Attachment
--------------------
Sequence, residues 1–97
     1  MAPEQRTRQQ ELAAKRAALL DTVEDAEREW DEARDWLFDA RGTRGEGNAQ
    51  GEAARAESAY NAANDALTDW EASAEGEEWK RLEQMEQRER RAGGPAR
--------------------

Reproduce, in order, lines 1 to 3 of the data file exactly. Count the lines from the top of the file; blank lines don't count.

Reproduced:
Sequence, residues 1–97
     1  MAPEQRTRQQ ELAAKRAALL DTVEDAEREW DEARDWLFDA RGTRGEGNAQ
    51  GEAARAESAY NAANDALTDW EASAEGEEWK RLEQMEQRER RAGGPAR